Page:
words Anna Bates
In one of her many houses, Pearl Lam, Shanghai-based design gallerist and billionaire heiress, is holding dinner. She’s flown in guests from across the world to demonstrate how – with a few million – you can grow your own arts scene. But Lam herself is missing.
The owner of Contrasts Gallery is notoriously elusive, and we’re left to admire her extravagant, inclusive approach to home decoration, a unique disco-baroque experience. There’s a celebration of everything from Shanghai Deco to antique Chinese furniture and a dazzle of Western contemporary design. Ron Arad chairs and Ming antiques sit side by side, while the walls are decorated with artworks generally preoccupied with female genitalia. The ceiling is bathed in pink light, and hanging over the table are several flamboyant chandeliers covered in more peacock feathers than a drag act – designed by Lam’s own design studio XYZ.
The eclecticism extends to the guest list. Around the 60-seater dining table there are Westerners, Easterners, a prostitute turned novelist, an astrologer, an artist, some local celebrities, the daughter of a famous artist, collectors, some hangers-on and about a dozen journalists. Most of the journalists are here to interview Lam, assuming she ever puts in an appearance, but to be frank she doesn’t really need any more press. All the magazines in her penthouse have her face on the cover (May’s Hong Kong Tatler has four cover versions of Lam, Andy Warhol style). Outside China, she has been profiled in the New York Times, the International Herald Tribune, the Observer, the Times and Wallpaper (to name just a few). But in the abundance of words written on this lady, not very much has actually been said. She is described as a “whirlwind”, “a force of nature”, and she’s highly rated by influential gallerists and collectors including Galerie Kreo’s Didier Krzentowski and Swiss collector Uli Sigg, but no one has explained exactly why we should take her seriously, or questioned what her much-touted philosophy really amounts to. That’s why icon is here – to find out what she actually thinks, assuming we ever get to talk to her.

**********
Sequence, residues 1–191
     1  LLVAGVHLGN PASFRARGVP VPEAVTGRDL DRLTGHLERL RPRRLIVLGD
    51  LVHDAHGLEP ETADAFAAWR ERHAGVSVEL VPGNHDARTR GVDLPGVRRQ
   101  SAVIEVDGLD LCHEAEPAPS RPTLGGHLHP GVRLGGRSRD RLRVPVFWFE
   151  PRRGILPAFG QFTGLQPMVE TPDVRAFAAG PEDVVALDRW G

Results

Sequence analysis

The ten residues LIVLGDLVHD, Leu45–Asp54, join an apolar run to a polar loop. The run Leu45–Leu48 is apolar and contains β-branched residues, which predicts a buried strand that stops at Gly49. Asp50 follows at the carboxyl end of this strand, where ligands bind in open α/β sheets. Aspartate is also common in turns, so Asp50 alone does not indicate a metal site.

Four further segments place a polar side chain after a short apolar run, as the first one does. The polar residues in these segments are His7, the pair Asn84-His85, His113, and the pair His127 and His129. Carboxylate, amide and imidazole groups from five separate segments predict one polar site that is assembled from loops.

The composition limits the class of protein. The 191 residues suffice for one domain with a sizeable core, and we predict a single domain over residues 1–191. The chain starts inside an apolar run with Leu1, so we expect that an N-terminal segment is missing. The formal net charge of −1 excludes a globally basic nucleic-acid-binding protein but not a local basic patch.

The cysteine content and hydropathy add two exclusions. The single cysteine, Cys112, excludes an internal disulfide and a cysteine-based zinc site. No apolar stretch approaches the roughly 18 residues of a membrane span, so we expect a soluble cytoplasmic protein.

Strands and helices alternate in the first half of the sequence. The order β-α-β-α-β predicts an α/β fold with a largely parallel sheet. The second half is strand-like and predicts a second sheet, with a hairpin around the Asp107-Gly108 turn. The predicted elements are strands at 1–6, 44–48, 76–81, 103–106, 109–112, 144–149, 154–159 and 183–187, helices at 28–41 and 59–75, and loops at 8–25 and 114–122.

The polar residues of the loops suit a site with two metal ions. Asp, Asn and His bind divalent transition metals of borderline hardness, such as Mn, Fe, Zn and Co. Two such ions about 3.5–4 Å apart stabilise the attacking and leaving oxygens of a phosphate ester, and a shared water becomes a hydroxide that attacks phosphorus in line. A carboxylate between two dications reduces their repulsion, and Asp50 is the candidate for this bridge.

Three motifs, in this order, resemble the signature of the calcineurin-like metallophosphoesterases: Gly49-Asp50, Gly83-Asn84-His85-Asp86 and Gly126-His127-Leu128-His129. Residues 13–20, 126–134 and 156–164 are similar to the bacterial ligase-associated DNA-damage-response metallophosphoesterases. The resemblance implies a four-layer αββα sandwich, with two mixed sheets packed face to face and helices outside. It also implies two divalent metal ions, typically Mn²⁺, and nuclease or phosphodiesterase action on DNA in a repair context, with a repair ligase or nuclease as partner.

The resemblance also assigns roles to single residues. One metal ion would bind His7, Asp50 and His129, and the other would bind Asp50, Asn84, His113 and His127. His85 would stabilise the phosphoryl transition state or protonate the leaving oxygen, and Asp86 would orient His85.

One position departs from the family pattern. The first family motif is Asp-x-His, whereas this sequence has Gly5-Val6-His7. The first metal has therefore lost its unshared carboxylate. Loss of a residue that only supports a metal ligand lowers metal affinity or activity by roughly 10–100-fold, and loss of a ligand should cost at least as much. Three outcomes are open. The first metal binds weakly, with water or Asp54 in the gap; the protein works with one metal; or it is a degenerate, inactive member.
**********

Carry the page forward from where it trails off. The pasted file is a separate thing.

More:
Sitting next to me is one of Lam’s many “close” friends. Most have known her for three months; this one, an interior designer, has known her for three years. “We’re very close,” he says, followed by a long, meaningful smile, a tear almost forming in his eye. Then, suddenly, in a hushed tone, “Here she comes.”
Lam’s presence is first signalled by her voice – deep, and rich as a sax. There’s a whiff of perfume that precedes her appearance before us, clad in a short purple dress and wearing voluptuous, purple-streaked hair. She has so much energy you wouldn’t be surprised if she flung her arms open and broke into jazz, and she doesn’t look late-40s. The two men either side of me jump up, their legs still tangled in their chairs as they beg her to sit. She holds their hands for a brief moment, says a few kind words, and continues round the table.